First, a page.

Treasures From Their Past Found a Home Here
Following a tragedy, a family finds a Waterville Foursquare is a surprisingly good fit.
ABOVE Julianne Gilland and her 14-year-old son, Sam, sit at the kitchen’s Saarinen dining table, a surprise gift from her late husband/his dad, Max Withers, who also built the bookshelf. “That was one of those pieces where I was like, ‘Oh my god, it fits perfectly,’” Gilland says. She matched new quartz countertops to the Calacatta marble on the table and, after trying a different color, repainted the trim the yellow it was when she moved in. “It feels sunny and unexpected and like a nice homage to a past iteration of the house.”
TEXT BY SARAH STEBBINS
PHOTOGRAPHED BY ERIN LITTLE
From the October 2022 issue of Down East magazine
Shortly after moving from Oakland, California, to Austin, Texas, with their twin boys, Julianne Gilland and Max Withers began dreaming about heading northeast. Withers grew up in Massachusetts, and the couple had a fondness for Maine, where his parents retired. “We concluded that Texas was not where we wanted to stay,” says Gilland, who hails from San Antonio. Then, after Withers died suddenly of cancer, in 2016, Gilland says, “it felt like the right thing to do, to follow through on that conclusion.” The following year, she became deputy director of Waterville’s Colby College Museum of Art, and the family moved into an in-town 1900 Foursquare with the mid-century furniture she and Withers had acquired together. “Do you remember in the novel Howards End when the caretaker unpacks the furniture in the house and [protagonist] Margaret marvels at how everything fits perfectly, like it was meant to be? I had that feeling when I moved in here,” Gilland says.
Gilland loves the home’s elaborate turn-of-the-century woodwork — “probably the fancy elements from the Sears catalog” — and found it complements her streamlined mid-century furnishings. The vintage walnut sideboard and Baumritter chair are from her favorite local shop, Waterville’s Modern Underground.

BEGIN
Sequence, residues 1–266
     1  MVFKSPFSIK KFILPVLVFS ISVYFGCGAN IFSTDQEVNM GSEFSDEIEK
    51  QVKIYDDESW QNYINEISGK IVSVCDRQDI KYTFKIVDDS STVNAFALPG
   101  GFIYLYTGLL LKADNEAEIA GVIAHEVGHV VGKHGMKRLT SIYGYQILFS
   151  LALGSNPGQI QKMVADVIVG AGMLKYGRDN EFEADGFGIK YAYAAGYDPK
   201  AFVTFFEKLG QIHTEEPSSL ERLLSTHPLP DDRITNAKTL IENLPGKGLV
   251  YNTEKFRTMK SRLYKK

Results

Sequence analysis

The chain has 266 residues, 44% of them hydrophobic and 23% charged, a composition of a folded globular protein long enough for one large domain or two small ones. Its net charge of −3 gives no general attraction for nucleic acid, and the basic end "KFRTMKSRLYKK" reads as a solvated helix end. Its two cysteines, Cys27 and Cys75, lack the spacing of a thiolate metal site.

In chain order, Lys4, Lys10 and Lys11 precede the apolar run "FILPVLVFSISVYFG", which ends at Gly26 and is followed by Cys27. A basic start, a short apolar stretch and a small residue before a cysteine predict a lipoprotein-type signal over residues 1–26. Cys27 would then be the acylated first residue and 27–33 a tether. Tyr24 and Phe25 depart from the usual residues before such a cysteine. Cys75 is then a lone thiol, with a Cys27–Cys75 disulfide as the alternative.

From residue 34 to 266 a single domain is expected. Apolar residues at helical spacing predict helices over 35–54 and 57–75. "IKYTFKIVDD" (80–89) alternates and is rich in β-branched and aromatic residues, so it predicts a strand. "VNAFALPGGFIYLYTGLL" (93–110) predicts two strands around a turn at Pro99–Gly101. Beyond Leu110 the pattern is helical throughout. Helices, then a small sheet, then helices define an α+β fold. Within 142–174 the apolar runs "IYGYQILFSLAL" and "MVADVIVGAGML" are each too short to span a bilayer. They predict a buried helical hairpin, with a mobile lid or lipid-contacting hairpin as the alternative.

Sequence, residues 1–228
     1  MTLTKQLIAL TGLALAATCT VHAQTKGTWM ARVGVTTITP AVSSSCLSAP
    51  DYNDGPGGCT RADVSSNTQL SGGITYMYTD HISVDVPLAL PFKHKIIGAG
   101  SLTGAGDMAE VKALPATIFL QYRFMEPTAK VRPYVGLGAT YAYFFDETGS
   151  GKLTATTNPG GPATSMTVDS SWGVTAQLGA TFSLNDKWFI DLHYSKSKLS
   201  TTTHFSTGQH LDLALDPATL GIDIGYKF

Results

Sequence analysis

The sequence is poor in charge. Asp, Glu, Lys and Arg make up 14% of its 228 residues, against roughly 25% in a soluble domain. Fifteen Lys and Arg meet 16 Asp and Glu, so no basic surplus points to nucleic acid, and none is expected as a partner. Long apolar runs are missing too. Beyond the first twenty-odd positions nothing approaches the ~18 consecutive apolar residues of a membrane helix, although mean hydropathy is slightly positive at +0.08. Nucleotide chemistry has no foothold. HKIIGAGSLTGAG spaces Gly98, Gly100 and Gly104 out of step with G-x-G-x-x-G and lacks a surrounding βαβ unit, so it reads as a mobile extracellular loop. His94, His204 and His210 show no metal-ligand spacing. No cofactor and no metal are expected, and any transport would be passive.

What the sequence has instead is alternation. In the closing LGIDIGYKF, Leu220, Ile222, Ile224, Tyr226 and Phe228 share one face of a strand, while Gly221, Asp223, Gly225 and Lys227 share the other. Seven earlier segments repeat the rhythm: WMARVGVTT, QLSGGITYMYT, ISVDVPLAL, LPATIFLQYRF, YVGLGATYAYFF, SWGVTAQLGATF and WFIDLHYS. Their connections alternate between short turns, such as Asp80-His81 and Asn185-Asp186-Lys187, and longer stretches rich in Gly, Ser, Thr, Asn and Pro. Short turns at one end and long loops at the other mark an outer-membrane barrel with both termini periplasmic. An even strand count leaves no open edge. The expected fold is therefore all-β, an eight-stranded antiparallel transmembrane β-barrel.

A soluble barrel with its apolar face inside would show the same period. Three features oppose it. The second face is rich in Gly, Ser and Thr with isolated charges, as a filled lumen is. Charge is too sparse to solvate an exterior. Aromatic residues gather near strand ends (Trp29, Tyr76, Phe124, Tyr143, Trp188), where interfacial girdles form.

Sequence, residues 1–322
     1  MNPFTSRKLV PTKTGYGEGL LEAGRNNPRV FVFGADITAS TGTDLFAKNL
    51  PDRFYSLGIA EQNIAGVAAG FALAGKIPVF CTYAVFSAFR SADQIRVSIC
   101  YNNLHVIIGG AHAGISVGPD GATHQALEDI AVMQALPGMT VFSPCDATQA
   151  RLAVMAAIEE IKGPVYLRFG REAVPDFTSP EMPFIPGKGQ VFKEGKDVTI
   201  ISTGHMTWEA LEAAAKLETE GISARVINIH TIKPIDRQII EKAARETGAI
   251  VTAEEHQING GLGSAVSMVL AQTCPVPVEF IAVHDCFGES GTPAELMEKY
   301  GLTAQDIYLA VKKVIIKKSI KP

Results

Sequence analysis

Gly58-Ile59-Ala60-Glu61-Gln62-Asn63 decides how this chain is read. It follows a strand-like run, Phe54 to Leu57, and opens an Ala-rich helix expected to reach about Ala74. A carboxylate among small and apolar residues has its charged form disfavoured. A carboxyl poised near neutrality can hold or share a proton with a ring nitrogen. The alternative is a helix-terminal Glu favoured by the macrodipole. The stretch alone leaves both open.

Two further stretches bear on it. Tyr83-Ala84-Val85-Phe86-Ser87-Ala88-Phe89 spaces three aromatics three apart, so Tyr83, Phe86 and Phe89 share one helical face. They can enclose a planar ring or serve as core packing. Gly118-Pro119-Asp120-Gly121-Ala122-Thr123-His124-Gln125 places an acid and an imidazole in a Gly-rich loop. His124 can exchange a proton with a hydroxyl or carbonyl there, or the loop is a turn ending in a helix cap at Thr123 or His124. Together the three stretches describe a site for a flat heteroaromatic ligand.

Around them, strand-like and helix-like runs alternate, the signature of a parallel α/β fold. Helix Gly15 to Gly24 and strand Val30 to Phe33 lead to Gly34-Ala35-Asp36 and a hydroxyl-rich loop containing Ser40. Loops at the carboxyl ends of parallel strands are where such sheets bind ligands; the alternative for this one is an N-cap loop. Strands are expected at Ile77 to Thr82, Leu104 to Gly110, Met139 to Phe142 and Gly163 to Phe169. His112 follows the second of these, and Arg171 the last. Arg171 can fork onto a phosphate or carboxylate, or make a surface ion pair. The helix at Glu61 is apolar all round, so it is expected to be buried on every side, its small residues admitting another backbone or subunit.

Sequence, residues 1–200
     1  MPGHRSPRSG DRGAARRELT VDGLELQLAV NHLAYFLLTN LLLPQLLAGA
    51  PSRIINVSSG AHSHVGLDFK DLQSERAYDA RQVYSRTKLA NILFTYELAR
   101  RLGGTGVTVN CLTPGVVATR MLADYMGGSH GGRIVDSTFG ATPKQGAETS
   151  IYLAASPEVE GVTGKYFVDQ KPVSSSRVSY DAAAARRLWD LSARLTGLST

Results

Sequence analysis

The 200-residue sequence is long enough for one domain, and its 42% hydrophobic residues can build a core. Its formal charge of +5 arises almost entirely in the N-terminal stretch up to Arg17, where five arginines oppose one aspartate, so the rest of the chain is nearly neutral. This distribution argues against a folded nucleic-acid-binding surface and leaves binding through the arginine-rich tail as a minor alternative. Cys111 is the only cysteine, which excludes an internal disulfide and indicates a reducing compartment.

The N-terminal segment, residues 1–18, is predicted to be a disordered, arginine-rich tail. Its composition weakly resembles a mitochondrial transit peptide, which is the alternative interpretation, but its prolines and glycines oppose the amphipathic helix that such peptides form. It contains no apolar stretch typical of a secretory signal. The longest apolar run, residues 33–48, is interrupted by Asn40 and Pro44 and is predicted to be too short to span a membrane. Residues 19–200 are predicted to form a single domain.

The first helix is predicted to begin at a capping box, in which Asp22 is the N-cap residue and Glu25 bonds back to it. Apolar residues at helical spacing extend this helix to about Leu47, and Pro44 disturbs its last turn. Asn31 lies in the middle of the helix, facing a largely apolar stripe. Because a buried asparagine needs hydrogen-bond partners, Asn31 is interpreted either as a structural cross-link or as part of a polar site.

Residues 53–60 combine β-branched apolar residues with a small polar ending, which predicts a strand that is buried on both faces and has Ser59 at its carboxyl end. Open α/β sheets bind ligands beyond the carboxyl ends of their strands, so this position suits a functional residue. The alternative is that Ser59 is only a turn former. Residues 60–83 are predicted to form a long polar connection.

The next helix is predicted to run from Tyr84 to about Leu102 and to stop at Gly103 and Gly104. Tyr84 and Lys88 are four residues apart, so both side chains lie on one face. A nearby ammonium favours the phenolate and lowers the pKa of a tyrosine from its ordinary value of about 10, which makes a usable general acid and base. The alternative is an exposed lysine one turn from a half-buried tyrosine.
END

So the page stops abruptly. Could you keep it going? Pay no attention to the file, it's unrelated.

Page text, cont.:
Gilland fell for the house — lovingly cared for by the same couple for decades — online. After visiting, “I was ready to buy it on the spot.” When the butter-yellow shingles needed repainting, she went with Behr’s Undersea, a dark shade like she’d seen in an early photograph. “It was definitely something people noticed when I did it; I got lots of good comments.”
Despite being sequestered at the north end of the house, the kitchen is bright, thanks to a large window here and in the dining room beyond, and new snowy cabinets, countertops, and subway tile. Beneath two layers of linoleum, Gilland discovered original maple flooring in pristine condition. “I love sitting here and having my coffee at my beautiful table [previous page], which was our one big, fancy purchase in our first home.”
A vintage trio, comprising a Julio Le Parc op-art print, Withers’s record player (atop a Target cabinet), and a Charles Pfister lounge chair that, along with its twin and a matching sofa (opposite) came from Enron’s former Houston headquarters, juxtaposes with an 18th-century Peruvian traveling chest. A wedding gift to Gilland’s parents, “it’s got layers of meaning for me, given my dad’s family’s history of travel [as Mexican immigrants] and my own path as a historian.”
Gilland’s and Withers’s books (he worked in academic publishing) flank the living-room windows and pick up the shades in the bright Mexican pillow covers. “I’m not convinced that my sons will want to read that book about the later Roman Empire, but I want them to have the option of seeing it and having that be a way to get a sense of their dad,” Gilland says.
“All of these things have traveled through three homes with me,” Gilland says: a circa 1960s Danish teak console (topped with an Italian marble lamp from Modern Underground and ceramics collected on trips); a 1970s Danish teak dining table and circa 1960 teak Hans Wegner chairs (atop FLOR carpet tiles); and a giant 1972 Dorothy Cutter painting from an Oakland warehouse sale. “I remember on my old flip phone, sending a picture to my husband and saying, ‘What do you think?’ And he was like, ‘No, but get it if you like it.’ Much to my delight, it often gets comments from people who love it, and I used to really enjoy giving him the knowing look. He liked that I like it.”